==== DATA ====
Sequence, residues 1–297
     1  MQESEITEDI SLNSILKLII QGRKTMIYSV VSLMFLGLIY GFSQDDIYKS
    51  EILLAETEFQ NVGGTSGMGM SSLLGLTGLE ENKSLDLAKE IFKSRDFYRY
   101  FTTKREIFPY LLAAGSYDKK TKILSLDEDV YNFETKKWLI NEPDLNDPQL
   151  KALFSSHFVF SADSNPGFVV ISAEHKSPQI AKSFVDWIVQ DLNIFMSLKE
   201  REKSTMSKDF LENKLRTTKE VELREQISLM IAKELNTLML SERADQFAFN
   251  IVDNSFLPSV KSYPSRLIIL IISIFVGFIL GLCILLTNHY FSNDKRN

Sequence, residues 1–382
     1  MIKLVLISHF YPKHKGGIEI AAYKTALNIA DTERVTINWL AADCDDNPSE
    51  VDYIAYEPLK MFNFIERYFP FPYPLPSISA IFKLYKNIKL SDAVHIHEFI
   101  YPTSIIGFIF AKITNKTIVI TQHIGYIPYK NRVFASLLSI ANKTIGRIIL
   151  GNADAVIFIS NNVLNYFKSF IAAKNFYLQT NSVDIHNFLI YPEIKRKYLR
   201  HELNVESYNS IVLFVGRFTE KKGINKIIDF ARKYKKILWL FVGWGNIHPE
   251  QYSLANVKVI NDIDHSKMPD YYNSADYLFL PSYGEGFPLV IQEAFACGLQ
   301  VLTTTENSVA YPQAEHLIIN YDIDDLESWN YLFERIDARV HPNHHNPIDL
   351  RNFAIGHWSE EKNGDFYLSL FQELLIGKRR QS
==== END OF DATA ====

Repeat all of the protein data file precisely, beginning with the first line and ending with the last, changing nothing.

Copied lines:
Sequence, residues 1–297
     1  MQESEITEDI SLNSILKLII QGRKTMIYSV VSLMFLGLIY GFSQDDIYKS
    51  EILLAETEFQ NVGGTSGMGM SSLLGLTGLE ENKSLDLAKE IFKSRDFYRY
   101  FTTKREIFPY LLAAGSYDKK TKILSLDEDV YNFETKKWLI NEPDLNDPQL
   151  KALFSSHFVF SADSNPGFVV ISAEHKSPQI AKSFVDWIVQ DLNIFMSLKE
   201  REKSTMSKDF LENKLRTTKE VELREQISLM IAKELNTLML SERADQFAFN
   251  IVDNSFLPSV KSYPSRLIIL IISIFVGFIL GLCILLTNHY FSNDKRN

Sequence, residues 1–382
     1  MIKLVLISHF YPKHKGGIEI AAYKTALNIA DTERVTINWL AADCDDNPSE
    51  VDYIAYEPLK MFNFIERYFP FPYPLPSISA IFKLYKNIKL SDAVHIHEFI
   101  YPTSIIGFIF AKITNKTIVI TQHIGYIPYK NRVFASLLSI ANKTIGRIIL
   151  GNADAVIFIS NNVLNYFKSF IAAKNFYLQT NSVDIHNFLI YPEIKRKYLR
   201  HELNVESYNS IVLFVGRFTE KKGINKIIDF ARKYKKILWL FVGWGNIHPE
   251  QYSLANVKVI NDIDHSKMPD YYNSADYLFL PSYGEGFPLV IQEAFACGLQ
   301  VLTTTENSVA YPQAEHLIIN YDIDDLESWN YLFERIDARV HPNHHNPIDL
   351  RNFAIGHWSE EKNGDFYLSL FQELLIGKRR QS